1.8 million Syrian people have found refuge in Turkey. Drawing on newly available data, this paper assesses the impact of refugee inflows on Turkish labour market conditions. It finds that these inflows change the level and composition of Turkish employment with particularly negative effects on Turkish workers in informal jobs (particularly women), the low educated, and those working in agriculture.
This paper aims to fill the evidence gap on the consequences of forced displacement for host countries, recognising that existing evidence confounds the labour market effects with other channels, such as the concentration of the humanitarian sector in one particular location. It relies on data from the 2011 and 2014 Turkish Household Labour Force Survey (LFS), Disaster and Emergency Management Presidency of Turkey (AFAD) information on the number of Syrian refugees; and AFAD’s 2013 survey of the main refugee camps where Syrian refugees live (or pass through when they arrive) in Turkey.
It finds that refugees change both the level and composition of Turkish employment:
- Refugees disproportionately migrate to Turkish sub-regions that experience unobserved positive shocks to economic conditions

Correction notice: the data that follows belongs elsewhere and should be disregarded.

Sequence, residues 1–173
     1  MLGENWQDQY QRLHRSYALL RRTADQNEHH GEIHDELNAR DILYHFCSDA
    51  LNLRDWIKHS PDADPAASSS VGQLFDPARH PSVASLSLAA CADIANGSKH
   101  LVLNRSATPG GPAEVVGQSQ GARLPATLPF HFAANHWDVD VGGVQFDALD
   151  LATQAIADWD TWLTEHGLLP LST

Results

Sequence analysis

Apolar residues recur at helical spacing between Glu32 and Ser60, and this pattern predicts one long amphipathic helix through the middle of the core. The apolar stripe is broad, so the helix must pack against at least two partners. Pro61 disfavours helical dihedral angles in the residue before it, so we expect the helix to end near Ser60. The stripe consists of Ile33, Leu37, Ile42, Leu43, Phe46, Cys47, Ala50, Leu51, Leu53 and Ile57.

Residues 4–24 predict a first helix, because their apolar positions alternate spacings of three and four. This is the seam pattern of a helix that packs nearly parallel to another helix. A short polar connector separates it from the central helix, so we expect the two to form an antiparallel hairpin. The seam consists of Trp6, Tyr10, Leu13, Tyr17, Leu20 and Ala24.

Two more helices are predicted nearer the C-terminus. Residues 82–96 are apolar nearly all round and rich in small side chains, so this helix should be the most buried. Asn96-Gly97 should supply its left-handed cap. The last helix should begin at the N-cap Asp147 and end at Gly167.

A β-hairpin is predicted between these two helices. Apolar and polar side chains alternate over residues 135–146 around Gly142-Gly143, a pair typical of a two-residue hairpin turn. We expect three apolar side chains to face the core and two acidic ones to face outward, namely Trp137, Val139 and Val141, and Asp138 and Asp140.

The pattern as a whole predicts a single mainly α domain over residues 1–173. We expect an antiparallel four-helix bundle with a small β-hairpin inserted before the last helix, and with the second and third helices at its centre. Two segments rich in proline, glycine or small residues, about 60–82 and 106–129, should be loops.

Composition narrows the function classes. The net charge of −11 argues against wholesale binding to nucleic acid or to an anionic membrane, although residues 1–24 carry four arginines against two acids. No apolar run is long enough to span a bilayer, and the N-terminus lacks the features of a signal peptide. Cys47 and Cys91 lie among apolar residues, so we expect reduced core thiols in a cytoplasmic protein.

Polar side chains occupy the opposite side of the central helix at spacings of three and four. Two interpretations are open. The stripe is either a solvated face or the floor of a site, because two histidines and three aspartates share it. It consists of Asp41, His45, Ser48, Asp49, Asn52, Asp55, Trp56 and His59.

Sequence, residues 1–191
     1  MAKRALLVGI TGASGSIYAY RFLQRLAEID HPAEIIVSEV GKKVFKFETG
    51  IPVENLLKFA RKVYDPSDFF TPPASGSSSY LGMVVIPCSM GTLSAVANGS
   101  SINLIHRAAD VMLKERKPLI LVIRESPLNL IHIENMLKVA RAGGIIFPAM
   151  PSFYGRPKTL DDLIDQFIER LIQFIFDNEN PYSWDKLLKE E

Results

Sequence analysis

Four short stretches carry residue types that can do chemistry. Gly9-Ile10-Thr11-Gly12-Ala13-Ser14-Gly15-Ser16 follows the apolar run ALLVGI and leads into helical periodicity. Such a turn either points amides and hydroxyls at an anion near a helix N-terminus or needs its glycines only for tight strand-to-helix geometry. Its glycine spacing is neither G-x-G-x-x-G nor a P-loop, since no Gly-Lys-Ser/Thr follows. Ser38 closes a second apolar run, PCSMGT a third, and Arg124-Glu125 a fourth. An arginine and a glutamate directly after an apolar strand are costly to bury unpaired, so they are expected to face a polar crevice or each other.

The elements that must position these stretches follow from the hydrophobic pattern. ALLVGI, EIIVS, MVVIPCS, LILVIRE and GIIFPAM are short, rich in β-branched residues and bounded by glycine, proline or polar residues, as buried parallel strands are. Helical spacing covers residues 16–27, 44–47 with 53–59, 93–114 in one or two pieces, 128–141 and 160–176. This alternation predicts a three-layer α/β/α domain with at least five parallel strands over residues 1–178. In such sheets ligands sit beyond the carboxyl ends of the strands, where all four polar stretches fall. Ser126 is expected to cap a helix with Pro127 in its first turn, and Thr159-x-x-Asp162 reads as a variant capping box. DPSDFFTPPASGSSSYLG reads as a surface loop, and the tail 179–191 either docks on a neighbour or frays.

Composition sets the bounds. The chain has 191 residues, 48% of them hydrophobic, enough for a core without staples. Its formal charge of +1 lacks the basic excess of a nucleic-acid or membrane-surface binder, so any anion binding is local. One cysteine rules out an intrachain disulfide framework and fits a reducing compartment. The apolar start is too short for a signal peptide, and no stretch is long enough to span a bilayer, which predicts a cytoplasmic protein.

- There is extensive displacement of Turkish workers by Syrian refugees with the negative impact greater on those who are classified as unpaid employees, and negative employment effects on those in part-time work.
- Even as employment rates decrease due to the arrival of refugees, unemployment rates also decrease at about the same rate
- Women experience very large reductions in informal employment and fieldwork without a corresponding increase in formal and regular employment
- Resulting average wage increase is likely due to the fact that those who have experienced wage losses exit the labour market
- Increased demand for higher-quality formal jobs that are filled by Turkish workers
The paper concludes with the assertion that data collection on the Syrian refugee community should be the priority in order to be able to fully assess the potential impact of work permits, allowing the refugees to join the formal labour market.